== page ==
Contact: Kendall Morgan
kendall.morgan@duke.edu
919-684-2850
Duke University
Source:Eurekalert

Related biology news :

1. Leading evolutionary scientist to discuss how genome of bacteria has evolved
2. An evolutionary surprise
3. Ancient Egyptian cotton unveils secrets of domesticated crop evolution
4. Did climate change shape human evolution?
5. A University of Tennessee professors hypothesis may be game changer for evolutionary theory
6. Analysis of stickleback genome sequence catches evolution in action
7. Study shows unified process of evolution in bacteria and sexual eukaryotes
8. Rapid method of assembling new gene-editing tool could revolutionize genetic research
9. Whats in a surname? New study explores what the evolution of names reveals about China
10. Scientists trace evolutionary history of what mammals eat
11. Not by DNA alone: How the epigenetics revolution is fostering new medicines
Post Your Comments:
*Name:
*Comment:
*Email:
(Date:2/2/2016)... 2, 2016 Checkpoint Inhibitors for Cancer ... Are you interested in the future of ... checkpoint inhibitors. Visiongain,s report gives those predictions to ... national level. Avoid falling behind in data ... and revenues those emerging cancer therapies can achieve. ...
(Date:2/1/2016)... NEW YORK , Feb. 1, 2016  Today, ... Heart Association (AHA) announced plans to develop a first ... cognitive computing power of IBM Watson. In the first ... disease, AHA, IBM (NYSE: IBM ), and Welltok ... metrics and health assessments with cognitive analytics, delivered on ...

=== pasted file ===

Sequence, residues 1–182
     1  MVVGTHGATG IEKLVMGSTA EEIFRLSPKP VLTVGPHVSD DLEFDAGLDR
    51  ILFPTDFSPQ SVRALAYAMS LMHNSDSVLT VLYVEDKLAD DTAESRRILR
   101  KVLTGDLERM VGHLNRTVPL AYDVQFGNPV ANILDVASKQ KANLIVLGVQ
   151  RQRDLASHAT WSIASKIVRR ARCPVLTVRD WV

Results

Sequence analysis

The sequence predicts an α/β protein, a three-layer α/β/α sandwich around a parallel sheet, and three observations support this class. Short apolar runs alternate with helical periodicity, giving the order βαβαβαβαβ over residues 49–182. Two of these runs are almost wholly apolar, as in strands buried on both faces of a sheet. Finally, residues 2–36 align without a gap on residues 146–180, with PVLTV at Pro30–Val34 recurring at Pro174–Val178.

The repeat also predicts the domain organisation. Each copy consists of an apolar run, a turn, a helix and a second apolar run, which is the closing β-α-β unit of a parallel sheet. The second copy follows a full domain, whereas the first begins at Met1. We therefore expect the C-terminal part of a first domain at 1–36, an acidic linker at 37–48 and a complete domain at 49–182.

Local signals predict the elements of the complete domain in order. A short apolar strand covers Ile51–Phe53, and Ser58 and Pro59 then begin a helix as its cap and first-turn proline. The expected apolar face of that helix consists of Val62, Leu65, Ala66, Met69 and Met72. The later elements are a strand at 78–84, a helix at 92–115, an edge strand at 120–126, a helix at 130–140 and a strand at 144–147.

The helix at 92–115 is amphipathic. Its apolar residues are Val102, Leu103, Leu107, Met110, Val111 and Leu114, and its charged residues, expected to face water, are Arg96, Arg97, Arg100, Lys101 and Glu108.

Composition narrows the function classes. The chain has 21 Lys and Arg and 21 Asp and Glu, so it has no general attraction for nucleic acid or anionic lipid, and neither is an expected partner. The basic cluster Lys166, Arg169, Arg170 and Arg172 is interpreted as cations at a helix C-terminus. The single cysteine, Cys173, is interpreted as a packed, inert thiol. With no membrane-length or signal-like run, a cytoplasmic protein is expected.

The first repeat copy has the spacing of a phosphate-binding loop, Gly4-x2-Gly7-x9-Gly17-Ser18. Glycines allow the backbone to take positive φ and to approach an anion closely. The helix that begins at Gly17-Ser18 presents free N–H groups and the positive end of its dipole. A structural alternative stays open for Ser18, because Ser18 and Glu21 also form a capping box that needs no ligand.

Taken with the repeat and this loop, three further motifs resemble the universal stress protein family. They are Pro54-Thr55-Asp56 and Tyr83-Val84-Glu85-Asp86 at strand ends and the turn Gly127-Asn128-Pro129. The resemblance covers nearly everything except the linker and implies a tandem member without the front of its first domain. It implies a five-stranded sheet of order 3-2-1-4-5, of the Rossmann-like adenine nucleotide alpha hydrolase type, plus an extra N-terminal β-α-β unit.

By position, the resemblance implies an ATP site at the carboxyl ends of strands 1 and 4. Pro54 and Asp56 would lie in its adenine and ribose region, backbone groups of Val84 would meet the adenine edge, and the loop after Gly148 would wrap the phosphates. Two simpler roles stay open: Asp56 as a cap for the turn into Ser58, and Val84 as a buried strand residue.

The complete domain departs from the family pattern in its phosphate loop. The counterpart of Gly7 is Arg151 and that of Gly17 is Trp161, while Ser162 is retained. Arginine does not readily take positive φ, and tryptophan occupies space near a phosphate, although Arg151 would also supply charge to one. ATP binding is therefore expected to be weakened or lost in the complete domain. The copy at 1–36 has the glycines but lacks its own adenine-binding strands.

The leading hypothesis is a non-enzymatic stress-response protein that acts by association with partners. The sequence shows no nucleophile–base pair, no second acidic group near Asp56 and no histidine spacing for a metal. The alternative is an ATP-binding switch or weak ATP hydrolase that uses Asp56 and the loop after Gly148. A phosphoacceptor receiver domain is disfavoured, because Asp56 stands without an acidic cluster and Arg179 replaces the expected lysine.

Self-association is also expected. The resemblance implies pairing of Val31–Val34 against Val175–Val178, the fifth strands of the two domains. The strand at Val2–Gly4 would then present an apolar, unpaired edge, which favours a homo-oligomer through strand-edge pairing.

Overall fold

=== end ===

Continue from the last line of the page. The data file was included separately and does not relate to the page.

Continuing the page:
(Date:1/25/2016)...  Glencoe Software, the world-leading supplier of image data ... provide the data management solution OMERO Plus for the ... Photo - http://photos.prnewswire.com/prnh/20160125/325328LOGO ... Phenotypic analysis measures the characteristics and behavior of ... states such as health and disease, the presence or ...
Breaking Biology News(10 mins):
(Date:2/11/2016)... ... February 11, 2016 , ... ... has announced a new agreement with Bankok,Thailand-based Global Stem Cells Network (GSCN) to ... in 15 Latin American countries, including Mexico, Costa Rica, Dominican Republic, Colombia, Argentina, ...
(Date:2/10/2016)... , February 10, 2016 Early-career researchers ... , Peru , Uganda and ... life-enhancing work in health and nutrition   Indonesia ... Uganda and Yemen are being ... and epidemiology. They are also celebrated for mentoring young women scientists who ...
(Date:2/10/2016)... ASAE is introducing a hybrid membership model which will ... of joining or renewing through an organizational purchasing model. ... every employee in any size association or AMC office ... member benefits.   John H. Graham, IV ... allow organizations of any size and their employees to ...
(Date:2/10/2016)... 2016  Allergan plc (NYSE: AGN ) a ... Saunders , Allergan,s CEO and President, will be featured ... at the RBC Capital Markets Healthcare Conference on Tuesday, ... New York Palace Hotel in New York, ... and can be accessed on Allergan,s Investor Relations web ...
Breaking Biology Technology: